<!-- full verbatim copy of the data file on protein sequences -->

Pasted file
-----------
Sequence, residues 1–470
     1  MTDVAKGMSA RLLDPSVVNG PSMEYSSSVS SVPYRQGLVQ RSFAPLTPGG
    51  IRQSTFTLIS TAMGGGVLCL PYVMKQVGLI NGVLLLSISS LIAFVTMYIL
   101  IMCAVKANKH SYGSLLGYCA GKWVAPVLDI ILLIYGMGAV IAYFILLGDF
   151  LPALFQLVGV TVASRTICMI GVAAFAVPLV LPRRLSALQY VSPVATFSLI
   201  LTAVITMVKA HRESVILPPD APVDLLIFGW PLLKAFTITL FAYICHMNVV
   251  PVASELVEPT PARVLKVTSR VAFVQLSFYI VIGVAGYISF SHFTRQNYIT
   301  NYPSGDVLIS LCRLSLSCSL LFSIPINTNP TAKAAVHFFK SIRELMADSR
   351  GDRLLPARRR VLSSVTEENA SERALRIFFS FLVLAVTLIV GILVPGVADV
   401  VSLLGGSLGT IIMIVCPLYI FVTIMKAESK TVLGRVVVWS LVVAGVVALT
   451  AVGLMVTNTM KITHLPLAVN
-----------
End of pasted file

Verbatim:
Sequence, residues 1–470
     1  MTDVAKGMSA RLLDPSVVNG PSMEYSSSVS SVPYRQGLVQ RSFAPLTPGG
    51  IRQSTFTLIS TAMGGGVLCL PYVMKQVGLI NGVLLLSISS LIAFVTMYIL
   101  IMCAVKANKH SYGSLLGYCA GKWVAPVLDI ILLIYGMGAV IAYFILLGDF
   151  LPALFQLVGV TVASRTICMI GVAAFAVPLV LPRRLSALQY VSPVATFSLI
   201  LTAVITMVKA HRESVILPPD APVDLLIFGW PLLKAFTITL FAYICHMNVV
   251  PVASELVEPT PARVLKVTSR VAFVQLSFYI VIGVAGYISF SHFTRQNYIT
   301  NYPSGDVLIS LCRLSLSCSL LFSIPINTNP TAKAAVHFFK SIRELMADSR
   351  GDRLLPARRR VLSSVTEENA SERALRIFFS FLVLAVTLIV GILVPGVADV
   401  VSLLGGSLGT IIMIVCPLYI FVTIMKAESK TVLGRVVVWS LVVAGVVALT
   451  AVGLMVTNTM KITHLPLAVN